Country: Greece
Currency: Euro (EUR)
Peak Season: June-August
Shoulder Season: April-May, September-October
Median Temperature: 18.30 C / 64.94 F
Main Languages: Greek, English
Primary Modes of Transportation: Bus, metro, taxi
Recommended Duration of Stay: 3 days
Recommended Pocket Money: $140.00/day
Tourist Passes: n/a
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Athens, a city of legends and myths, is an archeologist's delight (another nearby being Cairo). Most people have been exposed to the wonders of Greek history in their youths, so it should be no surprise that Athens is considerably popular to people of all ages. Athens' postcard landmark, the Acropolis plateau, is testament to the golden age of Greek scholastic achievement. Many great civilizations have also perched their flags in Athens—Romans, Byzantines, and Turks among others—so the city is a melting pot to many edifices other than mythic gods and goddesses. Today, Athens stands in the forefront of Greece's cultural exposition, with libraries, museums, operas and sites that preserve the city's historical importance.

Athens is that one place people keep dreaming of going, but actually defer visiting because of shallow understanding of how great it truly it is sans the mythology and the devastated ruins it left off. But before you head on to other places in the Mediterranean, which do not come to our surprise, as more “hip” and “fresh,” take another look at the face of Greece—yes, the Athens of present; the one which the world’s richest keep coming back to. Greece is sophisticated-yet-superstitious, and over three millennia of its remarkable influence have infused us the tenets of Athens’ key virtues: democracy, liberty and the academia. That’s the reason why you’ll love Athens. Never mind the superficial, it’s the transition of past to present that make it such a lovely city.

Though not quite as captivating and alluring as most Mediterranean cities in terms of modern night life and revelry, the historicity the Greek capital beholds is enough to keep a history buff to dig for more answers. Athens of today primarily sets its sights on business and first-class leisure. Its key industries include heavy machinery, export and archeological/anthropological tourism. The locals are highly refined, preferring to eat at fancy restaurants and relishing their internationally-acclaimed Greek cuisine. You’ll also be surprised to find how immaculate Athenian beaches are—unsung wonders, to be honest.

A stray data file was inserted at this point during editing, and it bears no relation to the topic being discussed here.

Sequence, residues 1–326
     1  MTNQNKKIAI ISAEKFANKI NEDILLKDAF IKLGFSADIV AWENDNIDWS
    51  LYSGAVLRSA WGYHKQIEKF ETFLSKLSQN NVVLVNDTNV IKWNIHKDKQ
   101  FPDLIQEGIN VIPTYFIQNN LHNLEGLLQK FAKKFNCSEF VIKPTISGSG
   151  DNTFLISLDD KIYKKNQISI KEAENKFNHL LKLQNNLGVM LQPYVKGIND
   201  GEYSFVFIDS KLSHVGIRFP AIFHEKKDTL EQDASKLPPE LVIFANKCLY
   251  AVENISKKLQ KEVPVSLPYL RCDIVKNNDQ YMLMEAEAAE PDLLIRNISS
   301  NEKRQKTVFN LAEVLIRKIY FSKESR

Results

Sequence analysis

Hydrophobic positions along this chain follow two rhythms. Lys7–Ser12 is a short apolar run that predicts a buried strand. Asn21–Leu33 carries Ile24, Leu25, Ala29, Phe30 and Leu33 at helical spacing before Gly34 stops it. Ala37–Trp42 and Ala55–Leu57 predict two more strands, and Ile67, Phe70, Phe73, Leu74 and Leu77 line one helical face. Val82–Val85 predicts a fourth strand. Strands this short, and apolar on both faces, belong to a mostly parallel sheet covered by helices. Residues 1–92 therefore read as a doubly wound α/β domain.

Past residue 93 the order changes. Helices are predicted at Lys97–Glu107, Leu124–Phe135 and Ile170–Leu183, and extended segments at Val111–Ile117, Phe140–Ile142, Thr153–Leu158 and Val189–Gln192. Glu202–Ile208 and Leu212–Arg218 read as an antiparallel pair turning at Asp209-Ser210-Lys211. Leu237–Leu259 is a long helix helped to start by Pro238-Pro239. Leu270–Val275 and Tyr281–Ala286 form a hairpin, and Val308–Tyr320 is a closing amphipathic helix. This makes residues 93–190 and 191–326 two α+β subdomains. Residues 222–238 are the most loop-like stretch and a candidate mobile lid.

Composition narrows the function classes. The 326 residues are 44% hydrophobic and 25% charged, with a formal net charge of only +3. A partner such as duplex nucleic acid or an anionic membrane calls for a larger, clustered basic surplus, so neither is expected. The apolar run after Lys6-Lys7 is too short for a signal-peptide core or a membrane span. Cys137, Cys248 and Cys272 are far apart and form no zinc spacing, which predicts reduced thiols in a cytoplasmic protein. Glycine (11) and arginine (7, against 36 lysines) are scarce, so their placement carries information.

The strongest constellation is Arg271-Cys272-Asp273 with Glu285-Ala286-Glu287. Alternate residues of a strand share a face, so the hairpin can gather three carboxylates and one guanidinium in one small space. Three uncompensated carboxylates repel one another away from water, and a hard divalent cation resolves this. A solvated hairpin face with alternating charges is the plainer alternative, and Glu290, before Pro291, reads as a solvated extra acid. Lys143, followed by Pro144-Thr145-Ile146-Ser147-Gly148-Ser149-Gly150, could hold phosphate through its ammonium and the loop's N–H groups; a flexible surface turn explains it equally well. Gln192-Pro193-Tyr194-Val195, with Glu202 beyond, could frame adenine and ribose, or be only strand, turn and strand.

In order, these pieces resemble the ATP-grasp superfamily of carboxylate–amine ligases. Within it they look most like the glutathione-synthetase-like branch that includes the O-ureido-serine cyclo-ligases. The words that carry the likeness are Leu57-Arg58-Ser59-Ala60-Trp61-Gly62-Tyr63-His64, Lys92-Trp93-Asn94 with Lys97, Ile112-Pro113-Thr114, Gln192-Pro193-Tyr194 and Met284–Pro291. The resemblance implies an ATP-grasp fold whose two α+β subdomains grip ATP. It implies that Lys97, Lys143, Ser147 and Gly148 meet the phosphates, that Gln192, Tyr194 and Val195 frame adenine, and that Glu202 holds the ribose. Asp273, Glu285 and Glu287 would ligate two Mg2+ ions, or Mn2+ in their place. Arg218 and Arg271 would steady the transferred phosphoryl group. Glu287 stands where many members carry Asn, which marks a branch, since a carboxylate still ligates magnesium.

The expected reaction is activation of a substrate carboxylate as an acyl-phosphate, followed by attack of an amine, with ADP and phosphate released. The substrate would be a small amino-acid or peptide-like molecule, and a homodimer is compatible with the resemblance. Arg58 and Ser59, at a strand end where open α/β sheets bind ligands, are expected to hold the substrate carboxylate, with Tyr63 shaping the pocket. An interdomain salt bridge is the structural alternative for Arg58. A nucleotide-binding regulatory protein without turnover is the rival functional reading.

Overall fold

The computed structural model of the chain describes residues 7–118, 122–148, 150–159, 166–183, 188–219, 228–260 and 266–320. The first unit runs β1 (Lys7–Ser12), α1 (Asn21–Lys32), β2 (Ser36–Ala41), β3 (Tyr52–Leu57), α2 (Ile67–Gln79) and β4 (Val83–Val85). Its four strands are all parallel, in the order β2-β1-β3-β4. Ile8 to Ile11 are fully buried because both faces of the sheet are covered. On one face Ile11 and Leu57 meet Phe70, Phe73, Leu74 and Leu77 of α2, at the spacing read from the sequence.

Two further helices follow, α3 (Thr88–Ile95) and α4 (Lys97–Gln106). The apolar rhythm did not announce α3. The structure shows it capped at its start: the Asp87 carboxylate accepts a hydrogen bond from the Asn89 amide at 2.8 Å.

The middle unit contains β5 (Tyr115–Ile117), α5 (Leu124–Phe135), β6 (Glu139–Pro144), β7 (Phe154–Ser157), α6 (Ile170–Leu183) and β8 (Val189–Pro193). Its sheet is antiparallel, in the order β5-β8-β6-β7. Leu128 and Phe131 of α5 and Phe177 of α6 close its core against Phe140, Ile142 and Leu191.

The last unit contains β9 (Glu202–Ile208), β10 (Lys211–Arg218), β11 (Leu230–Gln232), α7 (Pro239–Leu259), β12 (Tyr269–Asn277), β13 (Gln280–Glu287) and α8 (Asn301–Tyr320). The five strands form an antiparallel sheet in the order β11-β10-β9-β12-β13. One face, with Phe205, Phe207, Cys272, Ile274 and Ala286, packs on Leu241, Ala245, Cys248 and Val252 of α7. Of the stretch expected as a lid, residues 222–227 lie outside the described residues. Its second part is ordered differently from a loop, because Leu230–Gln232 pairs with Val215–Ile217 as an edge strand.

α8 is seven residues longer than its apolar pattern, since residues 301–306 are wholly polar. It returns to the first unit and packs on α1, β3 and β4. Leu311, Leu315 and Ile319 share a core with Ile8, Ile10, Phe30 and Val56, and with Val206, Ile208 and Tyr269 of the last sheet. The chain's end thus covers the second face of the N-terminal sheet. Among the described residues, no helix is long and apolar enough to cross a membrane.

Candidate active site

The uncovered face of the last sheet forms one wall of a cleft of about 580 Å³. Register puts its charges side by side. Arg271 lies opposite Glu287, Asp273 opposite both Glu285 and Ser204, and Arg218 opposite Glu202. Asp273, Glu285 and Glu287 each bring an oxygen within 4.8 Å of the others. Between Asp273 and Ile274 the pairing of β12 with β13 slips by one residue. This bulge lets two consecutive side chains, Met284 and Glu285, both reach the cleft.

Athens is mature and brimming with culture and historicity. Enjoy the refinements of Athens: so much history is left to be unfolded. It’s the preferred vacation spot of the rich and powerful and we aren’t wondering why.

Packing List

  • Decent clothing to gain entry inside Orthodox churches and some casual clothes (jeans, sweaters), paired with good walking shoes for long excursions; swimwear and sunglasses for the clean beaches
  • A credit card (they’re honored almost everywhere) and extra luggage bags if you intend to shop for traditional handicraft and religious paintings, which are very popular souvenirs, by the way
  • A decent camera, plenty of film and batteries—the ruins of ancient Greece make for an excellent backdrop; it’s ideal to get background on basic panoramic photography and working with direct sunlight
  • Essential medication (aspirin) and toiletries; since many adults visit Greece, it’s advisable to bring some anti-rheumatic treatments to keep you on your feet—mid-day excursions can be exhaustingly long
  • Portable media or a good book to keep you company—Athens is a far cry from a technology district; swathes of open spaces are sure to get you bored from time to time, so bring some entertainment

Things to Do

  • Be surprised to see old (and young) people clinging on to their superstitious beliefs; staring at someone (especially children) for a prolonged time may make them think you’re passing on the “Evil Eye”
  • Understanding pre-Hellenistic courts and tribunals or just catching a lovely evening at the Areopagus hill, whose name might have been derived from the god Ares (Areo) & “big rock” (Pagus)
  • Paying a visit to the Temple of Olympian Zeus (or what remains of it); history has it that there stood beaming statues of Zeus and Emperor Hadrian before it was totaled during the Byzantine period
  • Socializing around Syntagma Square, which not only serves as a beeline for historic city landmarks and modern tourist attractions— it also is a primary transportation hub for every point in the city
  • Peering inside the National Archaeological Museum, which houses artifacts all the way from the Neolithic age; it is heralded by ceramic and sculptural masterpieces ancient Greece is known for

DON'T

  • Cause public distraction by wearing otherwise skimpy dresses, especially in churches; a lot of Athenians are of Greek Orthodox faith, which advises people to dress properly—even outside of the church
  • Be rude inside households—as with many Mediterranean countries, Greeks are very close-knit with family and relatives; the typecasting of Greeks being overprotective of their kin is indeed true
  • Talk about the politics and economy, unless it’s your business there; Greeks are overwhelmingly fond of these topics (and not to mention gossip), so the conversation might stall your leisure in Athens
  • Smoke at public spaces—it’s considered ill-mannered; although a majority of Greeks are chain smokers themselves, they get easily offended when someone (especially a foreigner) reprimands their smoking
  • Be surprised to see old (and young) people clinging on to their superstitious beliefs; staring at someone (especially children) for a prolonged time may make them think you’re passing on the “Evil Eye”